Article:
Well, let’s think about the macro economics. Okay. The micro economics, I’ll give you a good example. My utility bill, my you look this up on your power bill, I’m sure you’ll see the same thing. My electricity cost me four cents a kilowatt hour. Right. Okay. Now, there’s a whole lot of surcharges on top of that, right. But the electricity portion of its four cents kilowatt generation part of it, yeah, my cost and other 10 cents and taxes and distribution and all that other stuff. Maybe it gets up to 14 cents. But in Germany, it’s it’s 36 cents Euro,
Robert Bryce 33:27
John Henekamp 33:28
cents, a kilowatt hour, right. That’s three, four times what we pay. Okay? These guys are having to decide between food and heat. Right? That’s, that’s big. Yeah. Okay.
Robert Bryce 33:46
So you may think there being this may be an inflection point, then this, this run up in price, Oh,
John Henekamp 33:50
there’s one of two things, it’s got to happen. We’re either at an inflection point, or we’re going to see her rendus demand destruction because cost of energy is too high. We’ve already seen that because of natural gas prices, that fertilizer. Nitrogen fertilizer plants in the UK have shut down. I can’t afford to gas.
Robert Bryce 34:14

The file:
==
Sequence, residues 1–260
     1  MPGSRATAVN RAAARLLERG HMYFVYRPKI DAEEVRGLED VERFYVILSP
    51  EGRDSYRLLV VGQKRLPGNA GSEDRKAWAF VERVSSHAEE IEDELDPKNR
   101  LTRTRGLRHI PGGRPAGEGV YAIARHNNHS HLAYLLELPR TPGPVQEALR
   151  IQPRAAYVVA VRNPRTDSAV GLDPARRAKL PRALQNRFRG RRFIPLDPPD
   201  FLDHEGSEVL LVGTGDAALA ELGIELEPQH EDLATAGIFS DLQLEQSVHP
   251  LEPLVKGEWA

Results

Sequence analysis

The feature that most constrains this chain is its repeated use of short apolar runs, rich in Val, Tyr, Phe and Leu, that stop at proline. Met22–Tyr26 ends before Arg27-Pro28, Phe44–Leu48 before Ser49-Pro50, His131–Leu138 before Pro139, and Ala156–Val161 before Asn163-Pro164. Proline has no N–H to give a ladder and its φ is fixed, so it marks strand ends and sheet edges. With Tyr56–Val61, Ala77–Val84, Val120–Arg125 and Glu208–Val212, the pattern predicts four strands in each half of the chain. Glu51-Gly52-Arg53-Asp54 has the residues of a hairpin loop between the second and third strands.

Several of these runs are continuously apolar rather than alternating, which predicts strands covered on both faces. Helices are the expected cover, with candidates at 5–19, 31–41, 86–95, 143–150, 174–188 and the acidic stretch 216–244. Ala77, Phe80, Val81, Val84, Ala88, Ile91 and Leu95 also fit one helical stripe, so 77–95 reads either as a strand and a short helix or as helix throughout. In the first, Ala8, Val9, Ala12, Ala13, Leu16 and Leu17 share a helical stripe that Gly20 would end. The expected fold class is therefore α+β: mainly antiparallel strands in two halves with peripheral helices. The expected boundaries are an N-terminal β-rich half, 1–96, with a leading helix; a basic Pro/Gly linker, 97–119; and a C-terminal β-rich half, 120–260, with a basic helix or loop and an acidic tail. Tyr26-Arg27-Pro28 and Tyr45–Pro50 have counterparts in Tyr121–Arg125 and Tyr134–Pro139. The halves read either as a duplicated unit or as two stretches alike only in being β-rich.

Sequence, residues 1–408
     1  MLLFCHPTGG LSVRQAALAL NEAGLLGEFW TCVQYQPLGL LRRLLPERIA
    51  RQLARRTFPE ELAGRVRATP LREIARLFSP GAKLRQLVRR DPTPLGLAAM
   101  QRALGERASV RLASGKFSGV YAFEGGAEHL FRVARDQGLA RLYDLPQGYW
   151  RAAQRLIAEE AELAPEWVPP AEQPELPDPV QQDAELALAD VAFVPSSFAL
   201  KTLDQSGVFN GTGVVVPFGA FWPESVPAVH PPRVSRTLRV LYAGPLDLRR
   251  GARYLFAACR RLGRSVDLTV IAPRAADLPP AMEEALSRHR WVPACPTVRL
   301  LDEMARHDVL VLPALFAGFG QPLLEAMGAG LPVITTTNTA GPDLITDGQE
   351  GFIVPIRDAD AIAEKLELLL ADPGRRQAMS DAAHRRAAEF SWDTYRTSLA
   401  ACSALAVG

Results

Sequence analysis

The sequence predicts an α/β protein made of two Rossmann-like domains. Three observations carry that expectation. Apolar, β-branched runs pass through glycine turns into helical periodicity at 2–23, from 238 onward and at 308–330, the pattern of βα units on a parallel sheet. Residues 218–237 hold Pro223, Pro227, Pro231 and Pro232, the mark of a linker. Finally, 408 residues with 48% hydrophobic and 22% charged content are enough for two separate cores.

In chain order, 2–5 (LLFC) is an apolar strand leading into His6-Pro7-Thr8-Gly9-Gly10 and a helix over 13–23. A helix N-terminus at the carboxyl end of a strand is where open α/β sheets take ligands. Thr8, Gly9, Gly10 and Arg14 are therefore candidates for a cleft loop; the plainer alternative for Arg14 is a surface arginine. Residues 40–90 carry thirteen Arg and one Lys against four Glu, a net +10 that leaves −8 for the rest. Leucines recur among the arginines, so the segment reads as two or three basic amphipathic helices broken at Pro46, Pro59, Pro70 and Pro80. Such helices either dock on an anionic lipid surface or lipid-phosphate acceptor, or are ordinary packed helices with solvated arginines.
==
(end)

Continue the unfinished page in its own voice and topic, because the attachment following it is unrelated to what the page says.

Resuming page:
Well, it’s interesting you say that, because I heard the same thing in Australia that they’re fertilizer plants going to be that are going to be closing there. So that the knock on effects of this spike in hydrocarbon prices, but particularly natural gas could lead them to much higher food prices or even shortages that this
John Henekamp 34:32
now now see. You’re starting to think at 50,000 feet, okay? That the climate evangelists only think at 5000 feet because they’re on a mission and unintended consequences are not part of the narrative. Okay, so what we’re seeing are the fit at 50,000 feet the unintended consequences of ESG. Okay, parents And when you slow global economy down to darn near zero, and then you crank back up, and the margins expand game on, but where’s the energy?
Robert Bryce 35:14
And when you say the margins, expand the margin, it lost me there, the margins expand. So again, let’s
John Henekamp 35:20